Rosalind Wiseman, parenting educator and author, joins the program to discuss how to foster civil dialogue and inspire communities to build strength, courage and purpose. Discover how to create physical and emotional wellbeing by working in close partnership with the experts of various communities–including young people and business leaders.
In this episode you’ll discover:
- Rosalind’s career journey, including writing New York Times bestselling books (10:30)
- Common misconceptions in the workplace about young people (19:00)
- Why many young people are frustrated with the current situation (22:00)
- Why we need to rethink what it means to be patriotic (24:00)
- How leaders can be comfortable in not having all the answers (29:00)
- Why we need to acknowledge generational differences (32:00)
- The need to have uncomfortable conversations (37:00)
- Finding more substantive ways to address social issues (53:00)
- What advocating for equity really looks like (54:00)
Listen in now, or read on for the transcript of our conversation:
JENNIFER: Rosalind, welcome to the Will to Change.
ROSALIND: Thank you so much for having me. I’m so excited to be here.
JENNIFER: Me too. Me too. Just the name of your company, Cultures of Dignity, would have caught my eye, but we also have a dear, dear friend in common whose name is Erin Weed, who has also been on the podcast several times. Did you do a dig with Erin? Is that how you know her?
ROSALIND: I wish Erin was here so she could tell the story because she loves telling the story and she likes to embarrass me. So I’ll tell my version, which is that I had moved to Colorado from Washington D.C to have this whole quality of life thing.
JENNIFER: So to speak.
ROSALIND: Right. So that whole thing where you go and try and not be as maniacally focused on work and your children, have a more balanced life and all that stuff. So I moved to Boulder eight years ago and I joined this coworking space. And I was getting coffee and this wonderful woman, who was Erin Weed, was next to me getting some coffee. And she said, “Rosalind…”
And I had met Erin many years ago, and she had done very similar work. Actually, when I just first started doing my career, I started off doing women’s self-defense, and this was when I was like 21, 22. And Erin had actually gone into that field as well, and so we had crossed paths many years before that.
And so I met her over coffee in my coworking space, which really was probably, in retrospect, the best. It was a great coworking space, but it was truly so wonderful because I got to reconnect with this woman, and then she’s become an incredibly dear friend and she’s a force of nature.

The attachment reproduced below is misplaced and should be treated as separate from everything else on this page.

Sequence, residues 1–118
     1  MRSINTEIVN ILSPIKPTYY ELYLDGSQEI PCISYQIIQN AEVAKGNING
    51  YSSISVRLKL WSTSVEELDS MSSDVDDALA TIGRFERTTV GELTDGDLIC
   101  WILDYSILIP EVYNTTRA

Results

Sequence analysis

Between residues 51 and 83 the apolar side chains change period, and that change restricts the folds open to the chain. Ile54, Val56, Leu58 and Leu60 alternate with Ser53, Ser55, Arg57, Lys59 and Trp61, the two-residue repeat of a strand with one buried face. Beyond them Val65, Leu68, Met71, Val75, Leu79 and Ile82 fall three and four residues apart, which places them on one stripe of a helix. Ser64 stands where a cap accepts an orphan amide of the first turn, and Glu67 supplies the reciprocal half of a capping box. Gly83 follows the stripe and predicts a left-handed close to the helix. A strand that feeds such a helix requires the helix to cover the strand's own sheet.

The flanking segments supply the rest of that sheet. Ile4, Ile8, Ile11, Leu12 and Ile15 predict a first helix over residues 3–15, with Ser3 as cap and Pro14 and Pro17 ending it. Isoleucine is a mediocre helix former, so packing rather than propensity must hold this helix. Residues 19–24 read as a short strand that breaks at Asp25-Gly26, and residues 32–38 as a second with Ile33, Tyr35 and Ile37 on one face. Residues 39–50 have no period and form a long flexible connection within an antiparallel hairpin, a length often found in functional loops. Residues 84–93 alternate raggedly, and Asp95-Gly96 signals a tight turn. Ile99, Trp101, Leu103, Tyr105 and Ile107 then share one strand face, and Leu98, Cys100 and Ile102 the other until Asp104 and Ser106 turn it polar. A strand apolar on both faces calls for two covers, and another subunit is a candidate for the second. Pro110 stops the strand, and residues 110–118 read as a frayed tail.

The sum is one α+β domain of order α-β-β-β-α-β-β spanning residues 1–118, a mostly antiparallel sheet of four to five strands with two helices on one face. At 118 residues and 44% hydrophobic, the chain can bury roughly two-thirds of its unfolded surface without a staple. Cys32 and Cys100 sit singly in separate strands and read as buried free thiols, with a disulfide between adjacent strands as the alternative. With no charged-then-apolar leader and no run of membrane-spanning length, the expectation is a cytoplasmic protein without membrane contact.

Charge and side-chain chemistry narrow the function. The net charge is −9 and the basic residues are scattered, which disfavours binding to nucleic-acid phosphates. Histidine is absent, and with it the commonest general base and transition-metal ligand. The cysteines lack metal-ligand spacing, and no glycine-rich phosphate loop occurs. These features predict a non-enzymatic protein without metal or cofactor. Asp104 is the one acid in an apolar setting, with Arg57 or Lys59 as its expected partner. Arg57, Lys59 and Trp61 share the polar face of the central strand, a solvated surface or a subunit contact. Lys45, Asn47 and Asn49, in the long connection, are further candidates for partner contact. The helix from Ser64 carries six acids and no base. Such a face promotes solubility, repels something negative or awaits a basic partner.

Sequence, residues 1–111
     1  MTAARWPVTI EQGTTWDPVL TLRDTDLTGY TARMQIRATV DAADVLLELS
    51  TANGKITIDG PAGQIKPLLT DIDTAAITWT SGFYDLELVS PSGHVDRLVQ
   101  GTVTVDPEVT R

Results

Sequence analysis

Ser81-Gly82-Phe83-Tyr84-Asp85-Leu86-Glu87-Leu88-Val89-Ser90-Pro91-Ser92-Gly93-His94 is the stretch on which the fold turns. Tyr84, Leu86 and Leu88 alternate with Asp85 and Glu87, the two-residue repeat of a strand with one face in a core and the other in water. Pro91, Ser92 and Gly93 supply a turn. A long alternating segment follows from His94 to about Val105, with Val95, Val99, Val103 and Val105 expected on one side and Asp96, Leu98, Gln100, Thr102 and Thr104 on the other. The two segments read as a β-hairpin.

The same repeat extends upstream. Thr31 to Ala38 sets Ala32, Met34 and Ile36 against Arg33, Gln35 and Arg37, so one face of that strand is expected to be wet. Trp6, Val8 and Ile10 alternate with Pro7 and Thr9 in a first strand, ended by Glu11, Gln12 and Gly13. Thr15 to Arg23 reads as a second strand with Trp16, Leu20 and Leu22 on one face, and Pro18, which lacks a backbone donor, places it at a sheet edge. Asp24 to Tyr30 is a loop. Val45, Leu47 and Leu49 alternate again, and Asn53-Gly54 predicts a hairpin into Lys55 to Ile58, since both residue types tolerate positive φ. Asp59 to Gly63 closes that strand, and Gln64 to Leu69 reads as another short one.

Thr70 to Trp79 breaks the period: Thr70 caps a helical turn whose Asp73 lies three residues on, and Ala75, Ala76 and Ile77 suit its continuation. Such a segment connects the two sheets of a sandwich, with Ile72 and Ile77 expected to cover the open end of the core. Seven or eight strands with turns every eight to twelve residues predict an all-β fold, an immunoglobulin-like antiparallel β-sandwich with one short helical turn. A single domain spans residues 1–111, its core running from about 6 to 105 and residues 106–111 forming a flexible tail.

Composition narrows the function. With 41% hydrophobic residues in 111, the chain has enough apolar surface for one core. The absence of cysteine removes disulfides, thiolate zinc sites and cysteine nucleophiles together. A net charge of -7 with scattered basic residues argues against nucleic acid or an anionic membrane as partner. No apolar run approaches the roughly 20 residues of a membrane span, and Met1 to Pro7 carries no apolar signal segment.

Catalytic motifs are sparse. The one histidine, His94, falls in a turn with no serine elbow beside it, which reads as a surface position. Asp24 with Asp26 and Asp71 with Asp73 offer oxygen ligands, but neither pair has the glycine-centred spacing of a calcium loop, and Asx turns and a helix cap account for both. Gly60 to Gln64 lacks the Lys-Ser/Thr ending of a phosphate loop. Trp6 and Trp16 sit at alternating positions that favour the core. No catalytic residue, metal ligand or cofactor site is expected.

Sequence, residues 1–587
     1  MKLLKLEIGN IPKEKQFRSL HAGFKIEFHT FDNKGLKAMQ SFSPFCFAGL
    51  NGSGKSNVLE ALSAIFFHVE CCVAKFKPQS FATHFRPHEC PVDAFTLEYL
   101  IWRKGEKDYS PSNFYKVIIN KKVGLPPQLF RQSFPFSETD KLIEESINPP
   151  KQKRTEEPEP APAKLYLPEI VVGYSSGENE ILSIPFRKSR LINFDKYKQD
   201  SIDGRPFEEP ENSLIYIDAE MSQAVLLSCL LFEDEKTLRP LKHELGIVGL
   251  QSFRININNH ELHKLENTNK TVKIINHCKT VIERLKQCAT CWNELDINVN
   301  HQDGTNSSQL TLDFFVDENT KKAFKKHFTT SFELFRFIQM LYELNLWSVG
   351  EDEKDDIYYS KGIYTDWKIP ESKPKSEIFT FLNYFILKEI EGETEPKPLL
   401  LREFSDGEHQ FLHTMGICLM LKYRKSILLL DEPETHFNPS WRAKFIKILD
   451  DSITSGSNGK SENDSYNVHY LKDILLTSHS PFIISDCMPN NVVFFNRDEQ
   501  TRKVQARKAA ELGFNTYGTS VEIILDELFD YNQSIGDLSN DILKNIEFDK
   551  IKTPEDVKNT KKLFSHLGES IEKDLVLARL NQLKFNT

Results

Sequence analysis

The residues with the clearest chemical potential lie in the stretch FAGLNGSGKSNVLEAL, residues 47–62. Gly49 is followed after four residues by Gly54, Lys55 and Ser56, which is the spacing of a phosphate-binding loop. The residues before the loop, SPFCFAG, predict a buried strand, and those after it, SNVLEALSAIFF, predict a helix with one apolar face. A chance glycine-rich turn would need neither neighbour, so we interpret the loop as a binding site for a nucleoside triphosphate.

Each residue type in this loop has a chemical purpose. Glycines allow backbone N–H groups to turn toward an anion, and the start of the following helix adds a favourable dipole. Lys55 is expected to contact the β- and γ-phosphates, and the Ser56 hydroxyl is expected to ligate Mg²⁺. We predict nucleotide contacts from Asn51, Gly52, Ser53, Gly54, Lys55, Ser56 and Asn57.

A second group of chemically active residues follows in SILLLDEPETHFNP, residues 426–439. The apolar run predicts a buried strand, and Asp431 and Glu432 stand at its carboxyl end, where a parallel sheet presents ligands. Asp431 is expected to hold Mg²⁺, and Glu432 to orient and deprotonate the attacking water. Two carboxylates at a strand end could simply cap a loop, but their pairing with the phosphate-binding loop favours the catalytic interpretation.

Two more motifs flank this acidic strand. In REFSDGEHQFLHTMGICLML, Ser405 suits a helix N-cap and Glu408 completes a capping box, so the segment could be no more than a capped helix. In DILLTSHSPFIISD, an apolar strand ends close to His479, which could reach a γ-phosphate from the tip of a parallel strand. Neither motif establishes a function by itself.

ROSALIND: And I have done the dig. I don’t think I would have had a choice, but I did do the dig. My word Is worth, about a year later. Well, I was always disagreeing with her about [inaudible 00:01:58]… I don’t like being pigeonholed in that way.
I was like, “I want another word,” and she’s like, “Another word?” So I’ve stuck with worth. And actually, she’s right. But yeah, that is how I met Erin, and I have done the dig, and I recommend it to anybody who is listening to this.
JENNIFER: So do I. Yeah. So Erin Weed, everybody. Look her up. The dig is a process where you dig, dig, dig with Erin who holds the space to get deep into that one word, which is the end result of the process. And by the way, mine is power so maybe we can… Ooh. The joining of power and worth. That’s interesting.
ROSALIND: Yeah, wonderful.
JENNIFER: Wonderful, right? You’re right that Erin actually got her start with her company, it’s called Girls Fight Back. And she did, you’re right. She taught self-defense for kids because her best friend was murdered in college and just set her on this path.
So her story is amazing. Please go back and listen to Erin Weed’s episode with us on the Will to Change. And if you want to do some digging into the self, I scarcely know anyone that’s better at this than Erin is so check her out. Big love letter to Erin.
But about you, Rosalind. So the thing most people know about you, and I’m just going to put this out there, is you and your book Queen Bees and Wannabes was behind the Mean Girls world, whether that’s the film, Broadway show, et cetera.
And I guess I’m so interested to know how you understand the arc of the journey we’ve traveled since those days, since you wrote that. And I know we don’t have a lot of time, but we’ve moved through and towards, I think, a better world theoretically since then.
But I’m sure you’re going to tell me that a lot is still alive and well that is causing harm, that is disrespecting… We are disrespecting each other still. And young people, which is your passion, are continuing to be, I think, disrespected, not heard, et cetera, which is the field that now you focus on and you contribute to.
But take us back in time, if you can. Who were you when you were writing it? And what was different about the world? And what would the version of it be today, if you were to diagnose our current state when it comes to bullying and disrespect?
ROSALIND: So Mean Girls is… There’s a lot of positives and there’s a lot of negatives. And you’re asking me about, is it better? And I think as far as girls’ relationships with each other and how they treat each other… And I think it’s always good.